How to Submit a Poem to a Poetry Contest
(or a Print Publication)
Some of the things we think are simplest stump us when it's time for action. We write a great poem, choose a perfect contest or print publication for it, and suddenly realize we have no idea how a submitted page should look.
If you're curious as to the "correct" way to prepare an entry or submission, the examples below are standard and will be correct in most circumstances. If poetry contests make specific requests regarding the format of submissions, their requests always over-ride any advice given here.
Most poetry contests will not want your name and address on the same page as the poem—whereas print publications will want your name and address on the same page as each poem—but the other guidelines below still apply.
Because Utmost Christian Writers is mandated to encourage and support Christian poets, we try not to be critical of poets who fail to follow our technical advice. Your work will never be disqualified because it doesn't "look right" to us. But we encourage all poets to be as professional as possible.
For a Single Page Poem
If your poem fits entirely on a single page of paper, here's how to set it up.
Do: Use standard white 16, 20 or 24 pound paper.
Do: Leave at least one inch of border around any text, including your name and address.
Do: Be sure to have your real name and address at the top left of the page. (Phone number is optional unless requested.)
Do: Indent the text of your poem to set it apart from your name.
Do: Center your title or align it with the left edge of your poem, whichever you choose.
Do: Use a common easy-to-read font like Courier, Ariel, Helvetica, Times (Roman) in sizes 10 to 14. (Your text should look the same size to the editor as it would look in a book. If you're not sure, open a book and compare your manuscript to it.)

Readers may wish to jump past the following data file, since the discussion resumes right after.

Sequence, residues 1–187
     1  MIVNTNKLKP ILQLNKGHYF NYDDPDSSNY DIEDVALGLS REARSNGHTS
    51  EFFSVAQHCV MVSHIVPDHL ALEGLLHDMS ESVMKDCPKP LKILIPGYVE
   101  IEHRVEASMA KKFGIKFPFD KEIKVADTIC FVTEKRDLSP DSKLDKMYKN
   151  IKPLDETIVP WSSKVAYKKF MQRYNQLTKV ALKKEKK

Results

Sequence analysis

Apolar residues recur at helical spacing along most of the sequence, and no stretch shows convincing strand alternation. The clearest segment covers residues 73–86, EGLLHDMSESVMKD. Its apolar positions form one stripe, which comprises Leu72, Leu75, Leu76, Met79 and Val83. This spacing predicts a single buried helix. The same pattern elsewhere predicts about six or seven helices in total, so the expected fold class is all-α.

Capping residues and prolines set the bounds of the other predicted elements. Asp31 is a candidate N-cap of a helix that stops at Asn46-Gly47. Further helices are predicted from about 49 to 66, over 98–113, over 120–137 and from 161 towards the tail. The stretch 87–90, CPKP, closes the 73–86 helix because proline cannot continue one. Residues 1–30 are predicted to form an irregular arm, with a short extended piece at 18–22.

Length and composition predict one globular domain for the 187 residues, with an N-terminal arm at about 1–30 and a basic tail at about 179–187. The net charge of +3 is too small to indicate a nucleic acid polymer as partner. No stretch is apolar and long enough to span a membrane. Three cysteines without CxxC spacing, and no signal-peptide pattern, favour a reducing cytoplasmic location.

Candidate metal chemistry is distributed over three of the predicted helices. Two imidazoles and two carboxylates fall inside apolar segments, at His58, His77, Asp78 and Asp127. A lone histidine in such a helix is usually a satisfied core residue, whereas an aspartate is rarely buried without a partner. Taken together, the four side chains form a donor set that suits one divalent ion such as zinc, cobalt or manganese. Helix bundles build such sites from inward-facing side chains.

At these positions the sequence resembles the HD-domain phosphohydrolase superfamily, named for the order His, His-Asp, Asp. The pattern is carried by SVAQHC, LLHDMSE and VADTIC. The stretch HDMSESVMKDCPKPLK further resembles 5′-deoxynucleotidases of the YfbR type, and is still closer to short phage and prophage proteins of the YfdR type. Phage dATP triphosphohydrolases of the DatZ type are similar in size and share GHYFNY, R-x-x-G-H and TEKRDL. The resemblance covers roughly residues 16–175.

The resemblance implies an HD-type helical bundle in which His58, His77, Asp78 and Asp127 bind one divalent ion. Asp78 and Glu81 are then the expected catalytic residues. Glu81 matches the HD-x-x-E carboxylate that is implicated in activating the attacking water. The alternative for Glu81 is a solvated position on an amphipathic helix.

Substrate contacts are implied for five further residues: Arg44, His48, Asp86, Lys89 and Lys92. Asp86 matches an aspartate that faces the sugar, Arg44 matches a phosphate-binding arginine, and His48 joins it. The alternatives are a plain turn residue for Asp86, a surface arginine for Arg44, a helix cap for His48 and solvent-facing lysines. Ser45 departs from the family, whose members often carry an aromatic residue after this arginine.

Do: Underline the words that are to be italicized. (Recently, it has also become acceptable to use italics if you prefer.)
Do: Make sure there are no spelling errors or visible corrections on the page.
Do Not: Use bold text.
Do Not: Center the lines of your poem unless it is demanded by the structure of your poem. (There must be a reason why your poem is centered. "Because I like to center my poems," is not a sufficient reason.)
You may: Include the number of lines at the very top of the page, although it is not necessary.
Remember: You want the editor to have an uninterrupted reading of your poem. Don't use devices (weird fonts, bold lettering, colored paper) that will interfere with a proper evaluation of your poetry.
All of these guidelines also apply to submitting your poem to a contest except in most cases your name and address must not appear on the page.
Here's how your poem will look if you are submitting it to a print publication. If it's being submitted to a contest, the name and address must usually be left off.
A Poem on Multiple Pages
If your poem is long enough that it requires two or more pages, the second page (and subsequent pages) have a portion of the poem's title and your name in the top left corner, as well as the page number.
Here is how the second page will look (as well as the third, fourth, etc).
Other Dos and Don'ts
Don't center your poem on the page unless there's a reason for it.
Don't Use Large or Fancy Fonts
Large or fancy fonts may look nice to you, but they will not impress an editor or a poetry judge. In fact, they are so distracting that your work may not get a fair consideration.